Is next season the second-to-last of the Boeheim Era?

The end of the most glorious era in Syracuse basketball history is closer than you think.

With a second three-year commitment to USA Basketball now in year two for Jim Boeheim, culminating with the London Olympics in late summer 2012, we know the SU coach is going to be around next season and likely 2012-13 following the Olympic competition.

But after that, all bets are off.

Shortly after his 36th season begins next fall, the Orange hoop boss will turn 67 years old.  His three children with wife Juli — Jimmy and twins Jack and Jaime — are fast approaching their formative teenage years, a period filled with a myriad of time-consuming academic and extra- curricular activities that any parent wants to be a part of in their child’s life.

Imagine the time he’d have if not coaching anymore to pay attention to his top pastimes: Family, golf and giving back to the community.

He has 856 victories and while it’s unlikely he would be able to pass Duke’s Mike Krzyzewski — who’s won 900 and counting — as he nears Bob Knight’s mark of 902 victories, he can pass legendary Kentucky coach Adolph Rupp (1930-72) who won 876 games with another standard 20-win season in 2012.

Rupp was the longtime standard-bearer when it came to all-time victories before Dean Smith, Knight and Coach K came around, and it was Rupp whom Boeheim has frequently mentioned over the years as an eyebrow-raising example of longevity and success.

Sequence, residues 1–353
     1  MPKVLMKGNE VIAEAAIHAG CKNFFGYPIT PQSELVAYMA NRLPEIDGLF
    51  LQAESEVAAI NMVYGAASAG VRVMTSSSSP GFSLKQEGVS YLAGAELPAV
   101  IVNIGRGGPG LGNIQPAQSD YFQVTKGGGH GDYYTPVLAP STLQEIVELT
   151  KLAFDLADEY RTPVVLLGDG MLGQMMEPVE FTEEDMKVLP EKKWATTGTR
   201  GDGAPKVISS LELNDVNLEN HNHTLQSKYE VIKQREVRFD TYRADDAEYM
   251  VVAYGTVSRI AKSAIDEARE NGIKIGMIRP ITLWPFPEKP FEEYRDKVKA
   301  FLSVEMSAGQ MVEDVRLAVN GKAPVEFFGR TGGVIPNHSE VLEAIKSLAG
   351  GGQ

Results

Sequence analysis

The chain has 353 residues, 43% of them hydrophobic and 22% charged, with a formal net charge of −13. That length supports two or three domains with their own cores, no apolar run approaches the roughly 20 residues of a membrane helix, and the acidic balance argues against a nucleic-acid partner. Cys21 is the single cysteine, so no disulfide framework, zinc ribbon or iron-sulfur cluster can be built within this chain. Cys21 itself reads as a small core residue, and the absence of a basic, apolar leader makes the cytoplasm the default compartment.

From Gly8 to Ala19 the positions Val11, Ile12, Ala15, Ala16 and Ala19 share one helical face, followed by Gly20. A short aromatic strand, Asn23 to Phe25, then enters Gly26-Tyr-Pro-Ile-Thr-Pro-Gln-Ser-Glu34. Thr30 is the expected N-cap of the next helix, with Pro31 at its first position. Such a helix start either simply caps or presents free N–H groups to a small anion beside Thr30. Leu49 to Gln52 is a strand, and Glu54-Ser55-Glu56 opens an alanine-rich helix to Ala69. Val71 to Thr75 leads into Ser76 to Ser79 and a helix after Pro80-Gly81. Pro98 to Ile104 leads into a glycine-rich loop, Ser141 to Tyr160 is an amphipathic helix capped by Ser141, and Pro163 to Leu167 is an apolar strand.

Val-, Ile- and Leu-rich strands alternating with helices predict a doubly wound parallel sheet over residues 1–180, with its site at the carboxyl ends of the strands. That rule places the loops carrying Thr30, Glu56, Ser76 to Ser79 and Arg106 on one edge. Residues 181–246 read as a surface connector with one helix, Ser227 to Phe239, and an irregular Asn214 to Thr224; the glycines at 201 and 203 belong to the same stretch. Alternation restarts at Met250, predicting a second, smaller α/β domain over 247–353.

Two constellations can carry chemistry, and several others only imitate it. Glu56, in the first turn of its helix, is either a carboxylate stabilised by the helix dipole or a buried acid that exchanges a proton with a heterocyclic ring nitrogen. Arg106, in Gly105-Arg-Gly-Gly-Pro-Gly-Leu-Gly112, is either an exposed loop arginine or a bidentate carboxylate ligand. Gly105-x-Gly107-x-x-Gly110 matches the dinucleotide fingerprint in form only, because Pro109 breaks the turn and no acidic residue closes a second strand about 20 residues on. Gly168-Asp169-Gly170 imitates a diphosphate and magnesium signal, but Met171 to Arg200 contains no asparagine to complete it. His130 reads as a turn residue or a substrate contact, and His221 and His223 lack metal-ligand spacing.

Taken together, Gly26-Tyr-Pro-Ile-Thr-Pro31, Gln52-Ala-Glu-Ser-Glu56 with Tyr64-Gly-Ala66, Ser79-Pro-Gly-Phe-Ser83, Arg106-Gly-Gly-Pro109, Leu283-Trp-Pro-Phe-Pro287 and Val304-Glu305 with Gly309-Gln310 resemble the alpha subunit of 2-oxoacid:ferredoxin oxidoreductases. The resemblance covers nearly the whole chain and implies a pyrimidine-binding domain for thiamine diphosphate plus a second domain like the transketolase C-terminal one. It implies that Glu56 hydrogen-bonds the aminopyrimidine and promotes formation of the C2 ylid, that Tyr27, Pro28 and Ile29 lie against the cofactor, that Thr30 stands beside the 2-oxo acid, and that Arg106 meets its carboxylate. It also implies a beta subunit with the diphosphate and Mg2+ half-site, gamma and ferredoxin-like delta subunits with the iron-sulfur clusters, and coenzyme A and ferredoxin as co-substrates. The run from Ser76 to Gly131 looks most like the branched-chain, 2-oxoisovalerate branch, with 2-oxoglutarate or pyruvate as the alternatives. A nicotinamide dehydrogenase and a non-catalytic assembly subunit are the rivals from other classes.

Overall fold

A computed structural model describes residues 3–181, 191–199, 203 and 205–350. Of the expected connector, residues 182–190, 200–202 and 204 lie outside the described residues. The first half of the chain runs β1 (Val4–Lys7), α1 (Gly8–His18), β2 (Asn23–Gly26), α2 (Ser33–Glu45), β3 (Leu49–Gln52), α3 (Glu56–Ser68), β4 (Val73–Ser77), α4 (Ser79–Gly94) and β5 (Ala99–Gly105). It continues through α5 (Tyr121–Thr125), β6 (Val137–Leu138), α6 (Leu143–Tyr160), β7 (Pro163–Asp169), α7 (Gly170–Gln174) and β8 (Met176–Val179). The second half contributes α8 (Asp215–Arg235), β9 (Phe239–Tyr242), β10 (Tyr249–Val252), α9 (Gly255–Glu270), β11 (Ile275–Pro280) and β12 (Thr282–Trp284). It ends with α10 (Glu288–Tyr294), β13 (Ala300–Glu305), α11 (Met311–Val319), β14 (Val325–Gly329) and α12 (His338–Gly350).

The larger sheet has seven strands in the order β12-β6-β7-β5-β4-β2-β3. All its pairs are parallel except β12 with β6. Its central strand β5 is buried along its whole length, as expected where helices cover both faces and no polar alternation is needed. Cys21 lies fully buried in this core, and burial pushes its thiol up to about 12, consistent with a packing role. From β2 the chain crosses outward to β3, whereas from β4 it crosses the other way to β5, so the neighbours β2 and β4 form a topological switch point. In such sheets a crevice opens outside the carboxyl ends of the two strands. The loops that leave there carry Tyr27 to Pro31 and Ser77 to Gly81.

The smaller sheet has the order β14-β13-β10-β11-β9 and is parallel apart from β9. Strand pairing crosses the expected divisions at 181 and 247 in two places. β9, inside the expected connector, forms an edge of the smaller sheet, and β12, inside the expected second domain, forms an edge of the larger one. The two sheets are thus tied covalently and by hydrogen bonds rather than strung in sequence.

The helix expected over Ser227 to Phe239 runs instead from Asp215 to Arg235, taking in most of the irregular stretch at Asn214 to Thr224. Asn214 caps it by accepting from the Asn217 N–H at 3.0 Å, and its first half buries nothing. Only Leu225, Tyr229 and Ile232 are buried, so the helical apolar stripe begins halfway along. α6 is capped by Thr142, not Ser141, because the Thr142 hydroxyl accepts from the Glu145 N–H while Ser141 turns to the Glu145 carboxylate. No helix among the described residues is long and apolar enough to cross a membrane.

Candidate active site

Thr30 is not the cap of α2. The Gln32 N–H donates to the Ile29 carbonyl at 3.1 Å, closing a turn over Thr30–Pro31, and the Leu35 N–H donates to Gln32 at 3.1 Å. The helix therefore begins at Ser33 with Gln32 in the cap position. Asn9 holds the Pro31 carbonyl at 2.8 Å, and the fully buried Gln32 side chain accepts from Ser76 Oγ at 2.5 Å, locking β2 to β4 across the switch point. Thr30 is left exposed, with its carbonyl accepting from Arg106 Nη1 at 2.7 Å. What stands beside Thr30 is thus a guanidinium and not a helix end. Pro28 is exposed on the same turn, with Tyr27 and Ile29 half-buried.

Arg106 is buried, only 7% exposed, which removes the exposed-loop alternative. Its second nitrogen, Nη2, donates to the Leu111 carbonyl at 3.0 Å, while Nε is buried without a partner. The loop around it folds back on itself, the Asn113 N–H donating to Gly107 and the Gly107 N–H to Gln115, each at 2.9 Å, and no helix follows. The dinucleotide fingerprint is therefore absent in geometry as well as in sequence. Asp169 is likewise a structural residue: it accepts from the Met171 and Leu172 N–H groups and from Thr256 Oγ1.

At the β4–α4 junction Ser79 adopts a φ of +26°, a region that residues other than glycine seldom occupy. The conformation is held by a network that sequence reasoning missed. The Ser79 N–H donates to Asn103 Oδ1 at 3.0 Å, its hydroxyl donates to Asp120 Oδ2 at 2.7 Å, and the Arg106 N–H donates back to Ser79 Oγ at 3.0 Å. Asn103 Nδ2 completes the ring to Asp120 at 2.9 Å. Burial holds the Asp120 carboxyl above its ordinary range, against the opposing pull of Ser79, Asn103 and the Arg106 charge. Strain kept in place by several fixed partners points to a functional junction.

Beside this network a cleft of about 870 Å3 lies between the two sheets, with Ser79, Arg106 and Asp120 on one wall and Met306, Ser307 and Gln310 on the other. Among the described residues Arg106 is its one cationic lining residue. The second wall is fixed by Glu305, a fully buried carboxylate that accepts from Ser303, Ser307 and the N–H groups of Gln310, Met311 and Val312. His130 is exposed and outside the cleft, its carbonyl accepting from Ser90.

With three more high-profile recruits set to join the program next season, several more being pursued for the 2012 class, including all-state big man DaJuan Coleman of near-by Jamesville-DeWitt, there’s plenty of talent on hand for Boeheim to compete for high seeds in the NCAA Tournament the next two seasons.

And, with a little luck when it comes to match-ups and lack of injuries, who knows, but perhaps there’s a fourth Boeheim Final Four trip before departing, and keeping the important program streak alive of making the Final Four in each decade since the 1970s.

There’s also the matter of his much discussed successor, soon-to-be 17-year assistant Mike Hopkins, who’s been ever the gentleman in graciously handling the topic when it has been brought before him on numerous occasions the last three years.

It’s also been interesting to note the increased interaction between Hopkins and athletic director Daryl Gross during that time, including the two huddling often in the locker room after games to review both the good and the bad.

The hiring of the head coach to follow a Hall of Fame legend is tricky for any program or franchise, but with everyone knowing that an SU basketball coach has to be a “Syracuse guy,” this hiring is a lot easier for those administrators on The Hill that will sign off on the transition.

So, it’s time to savior the sunset of the Jim Boeheim years, because Syracuse fans won’t realize how fortunate they were to have this all-time great coach until he is gone.

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About Brad Bierman 848 Articles
Now in his sixth decade of covering SU sports, Brad was sports director of WSYR radio for eight years into the early 1990s, then wrote the Orange Watch column for The Big Orange/The Juice print publication for 18 years. A Syracuse University graduate, Brad currently runs his own media consulting business in the Philadelphia suburbs. Follow him on Twitter @BradBierman.